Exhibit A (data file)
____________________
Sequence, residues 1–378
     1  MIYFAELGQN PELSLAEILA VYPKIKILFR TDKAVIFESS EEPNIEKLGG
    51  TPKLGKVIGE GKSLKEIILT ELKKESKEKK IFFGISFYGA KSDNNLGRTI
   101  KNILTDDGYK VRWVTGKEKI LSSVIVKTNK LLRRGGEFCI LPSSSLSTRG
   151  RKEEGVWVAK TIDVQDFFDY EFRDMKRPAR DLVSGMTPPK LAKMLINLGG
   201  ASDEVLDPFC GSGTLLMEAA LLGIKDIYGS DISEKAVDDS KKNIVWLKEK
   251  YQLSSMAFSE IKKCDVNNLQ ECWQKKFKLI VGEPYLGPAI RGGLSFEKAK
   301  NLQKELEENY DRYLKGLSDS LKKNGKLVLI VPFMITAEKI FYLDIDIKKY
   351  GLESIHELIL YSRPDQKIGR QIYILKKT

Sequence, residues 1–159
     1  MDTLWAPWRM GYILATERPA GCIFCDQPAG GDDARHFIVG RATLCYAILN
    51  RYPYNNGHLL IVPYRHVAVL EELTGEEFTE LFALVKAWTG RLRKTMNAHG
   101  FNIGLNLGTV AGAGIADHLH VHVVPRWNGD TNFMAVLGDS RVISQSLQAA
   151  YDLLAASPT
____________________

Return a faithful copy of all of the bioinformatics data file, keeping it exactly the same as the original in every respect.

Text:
Sequence, residues 1–378
     1  MIYFAELGQN PELSLAEILA VYPKIKILFR TDKAVIFESS EEPNIEKLGG
    51  TPKLGKVIGE GKSLKEIILT ELKKESKEKK IFFGISFYGA KSDNNLGRTI
   101  KNILTDDGYK VRWVTGKEKI LSSVIVKTNK LLRRGGEFCI LPSSSLSTRG
   151  RKEEGVWVAK TIDVQDFFDY EFRDMKRPAR DLVSGMTPPK LAKMLINLGG
   201  ASDEVLDPFC GSGTLLMEAA LLGIKDIYGS DISEKAVDDS KKNIVWLKEK
   251  YQLSSMAFSE IKKCDVNNLQ ECWQKKFKLI VGEPYLGPAI RGGLSFEKAK
   301  NLQKELEENY DRYLKGLSDS LKKNGKLVLI VPFMITAEKI FYLDIDIKKY
   351  GLESIHELIL YSRPDQKIGR QIYILKKT

Sequence, residues 1–159
     1  MDTLWAPWRM GYILATERPA GCIFCDQPAG GDDARHFIVG RATLCYAILN
    51  RYPYNNGHLL IVPYRHVAVL EELTGEEFTE LFALVKAWTG RLRKTMNAHG
   101  FNIGLNLGTV AGAGIADHLH VHVVPRWNGD TNFMAVLGDS RVISQSLQAA
   151  YDLLAASPT